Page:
Windows into the Past

Ancountsmr Jo here, happy to report that An Unlikely Countess is selling well. Thanks to everyone who has bought a copy.

I'm sharing here some snippets of life in the 1760s from contemporary publications. I collected these bits at a library.

As is often the case when we look into the real past, there are some questions.

Jan 1766

Kew1760s "We are informed that a grand Pleasure Bath is intended to be made this Summer in Richmond Gardens for the Reception of the Royal Family."

Richmond Gardens became part of the famous Kew Gardens, seen left back then, but what exactly was a Pleasure Bath? Did they go swimming there?

Travel

I'm constantly trying to understand coach travel in the 18th century, so this story intrigues me. Alas, I have no idea what scam the lady was working, though it presumably made sense to her contemporaries.

My only thought is that a chaise was paid for at the end of the journey, not the beginning, so by going for a walk, she put off payment, presumably because the payment would include her dinner. It seems odd, however, as there could be any number of ways a passenger could slip away without paying.

"A few days since, a Courtezan, being discharged by a gentleman of fortune in the County of Hants, took Chaise at Winton (with her maid and child) for Andover; and at the Star and Garter ordered a fowl to be roasted and Horses got ready, while she took a Walk, then went to the White Hart in the same Town, took Chaise and went on; and in the same manner bilked the whole Road, except the last Stage in Piccadilly, when the boy secured a mundle for payment."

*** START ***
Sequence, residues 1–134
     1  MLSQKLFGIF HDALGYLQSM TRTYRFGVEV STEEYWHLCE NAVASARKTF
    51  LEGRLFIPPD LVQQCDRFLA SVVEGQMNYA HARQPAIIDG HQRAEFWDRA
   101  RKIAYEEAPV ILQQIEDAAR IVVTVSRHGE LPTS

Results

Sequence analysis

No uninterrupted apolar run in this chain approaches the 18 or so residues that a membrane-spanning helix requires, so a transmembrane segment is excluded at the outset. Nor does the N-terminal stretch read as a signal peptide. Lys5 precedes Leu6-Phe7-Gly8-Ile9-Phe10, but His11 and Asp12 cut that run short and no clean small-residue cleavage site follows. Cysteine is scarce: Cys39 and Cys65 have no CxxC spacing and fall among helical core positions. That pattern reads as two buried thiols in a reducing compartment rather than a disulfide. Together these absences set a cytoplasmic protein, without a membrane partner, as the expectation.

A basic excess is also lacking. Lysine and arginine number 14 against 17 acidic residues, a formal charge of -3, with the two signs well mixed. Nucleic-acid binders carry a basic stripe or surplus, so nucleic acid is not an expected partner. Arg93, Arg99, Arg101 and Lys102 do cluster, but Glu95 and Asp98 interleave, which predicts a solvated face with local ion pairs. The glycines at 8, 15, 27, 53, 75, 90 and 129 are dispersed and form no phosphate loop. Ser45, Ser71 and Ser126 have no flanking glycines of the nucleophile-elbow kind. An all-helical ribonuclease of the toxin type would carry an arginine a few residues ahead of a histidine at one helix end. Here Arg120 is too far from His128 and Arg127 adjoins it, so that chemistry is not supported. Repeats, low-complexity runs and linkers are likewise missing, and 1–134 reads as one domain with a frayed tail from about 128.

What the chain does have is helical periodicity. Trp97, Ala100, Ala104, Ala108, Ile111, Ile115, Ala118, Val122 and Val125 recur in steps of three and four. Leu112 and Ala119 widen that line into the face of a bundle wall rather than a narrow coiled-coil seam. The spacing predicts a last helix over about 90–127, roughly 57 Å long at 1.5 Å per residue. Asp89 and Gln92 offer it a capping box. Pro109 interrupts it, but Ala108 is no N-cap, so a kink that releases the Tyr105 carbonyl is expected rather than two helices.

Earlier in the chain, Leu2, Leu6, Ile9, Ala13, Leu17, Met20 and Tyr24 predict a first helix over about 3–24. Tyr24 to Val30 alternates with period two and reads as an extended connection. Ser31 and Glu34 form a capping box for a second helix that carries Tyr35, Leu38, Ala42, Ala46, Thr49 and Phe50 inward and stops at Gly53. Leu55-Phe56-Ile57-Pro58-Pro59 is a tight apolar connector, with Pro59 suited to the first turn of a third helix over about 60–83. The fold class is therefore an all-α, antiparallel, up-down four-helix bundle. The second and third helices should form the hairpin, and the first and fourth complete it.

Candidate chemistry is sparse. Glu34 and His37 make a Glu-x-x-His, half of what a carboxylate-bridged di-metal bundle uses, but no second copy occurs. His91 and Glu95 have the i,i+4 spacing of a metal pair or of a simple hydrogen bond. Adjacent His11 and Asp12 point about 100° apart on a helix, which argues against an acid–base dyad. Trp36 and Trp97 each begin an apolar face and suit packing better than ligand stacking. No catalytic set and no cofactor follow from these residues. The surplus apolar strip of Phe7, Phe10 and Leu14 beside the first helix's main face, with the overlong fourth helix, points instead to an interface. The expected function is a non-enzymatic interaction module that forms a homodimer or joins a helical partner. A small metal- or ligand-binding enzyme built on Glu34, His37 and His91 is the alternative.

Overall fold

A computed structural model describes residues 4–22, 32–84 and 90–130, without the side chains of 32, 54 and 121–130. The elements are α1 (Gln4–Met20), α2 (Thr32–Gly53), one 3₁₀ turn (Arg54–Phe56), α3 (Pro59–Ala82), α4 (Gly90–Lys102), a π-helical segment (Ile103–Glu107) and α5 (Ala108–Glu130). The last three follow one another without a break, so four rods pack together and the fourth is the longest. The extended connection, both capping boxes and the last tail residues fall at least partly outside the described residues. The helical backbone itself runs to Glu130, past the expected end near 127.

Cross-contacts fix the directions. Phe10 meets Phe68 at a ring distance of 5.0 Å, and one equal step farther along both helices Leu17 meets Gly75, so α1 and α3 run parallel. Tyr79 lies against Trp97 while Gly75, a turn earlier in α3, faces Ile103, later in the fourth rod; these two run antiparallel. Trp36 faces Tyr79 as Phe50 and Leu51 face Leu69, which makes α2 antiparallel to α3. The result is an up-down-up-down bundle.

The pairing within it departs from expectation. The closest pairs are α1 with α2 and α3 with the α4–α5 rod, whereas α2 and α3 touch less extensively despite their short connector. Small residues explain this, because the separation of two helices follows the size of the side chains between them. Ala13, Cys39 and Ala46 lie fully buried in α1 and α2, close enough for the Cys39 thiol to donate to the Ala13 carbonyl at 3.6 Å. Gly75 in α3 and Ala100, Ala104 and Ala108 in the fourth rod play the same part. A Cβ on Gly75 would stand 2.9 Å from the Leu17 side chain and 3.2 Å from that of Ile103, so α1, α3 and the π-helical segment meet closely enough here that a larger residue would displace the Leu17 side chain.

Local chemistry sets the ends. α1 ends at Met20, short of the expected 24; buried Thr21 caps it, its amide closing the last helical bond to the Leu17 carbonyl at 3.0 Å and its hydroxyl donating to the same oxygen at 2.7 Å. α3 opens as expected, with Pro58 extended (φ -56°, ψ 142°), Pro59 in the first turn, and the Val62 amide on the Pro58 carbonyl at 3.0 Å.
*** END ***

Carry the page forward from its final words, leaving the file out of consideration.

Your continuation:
From coach travel, to coach accidents. Overturn

They were alarmingly frequent, and I think they're under used in fiction. Of course there's a coach accident in An Unlikely Countess, but it's contrived. Given the state of the roads and the frequency of breakdowns and crashes, however, it could have happened by chance.

"On Sunday last a Phaeton was overturned in Piccadilly, by which means a Gentleman in it broke his Arm, and a Lady, his companion, had the misfortune to break both her legs. The latter, it is reported, has since died."

That reminds us how easily broken bones could be fatal back then.

Or what about this one? A headline incident!

"A carriage containing His Royal Highness the Prince of Wales was returning from airing in Hyde Park, one of the wheel-horses took fright and got his leg over the pole of the coach; which set the Dragoonhorse a plunging, so as greatly to endanger the overturning of the carriage; but luckily Captain Smythe of the Horse Grenadier Guards just at that time passing by, and seeing the imminent danger the Prince was in, immediately run up to the coach, and received His Highness from one of the Ladies therein, to prevent the consequences that might have ensued." 

I assume Captain Smythe was handsomely rewarded for rescuing the future Prince Regent. (The officer pictured is a dragood, not a member of the Guards.)

And lastly, a vignette which showed the considerable restrictions women still lived with in the mid 18th century.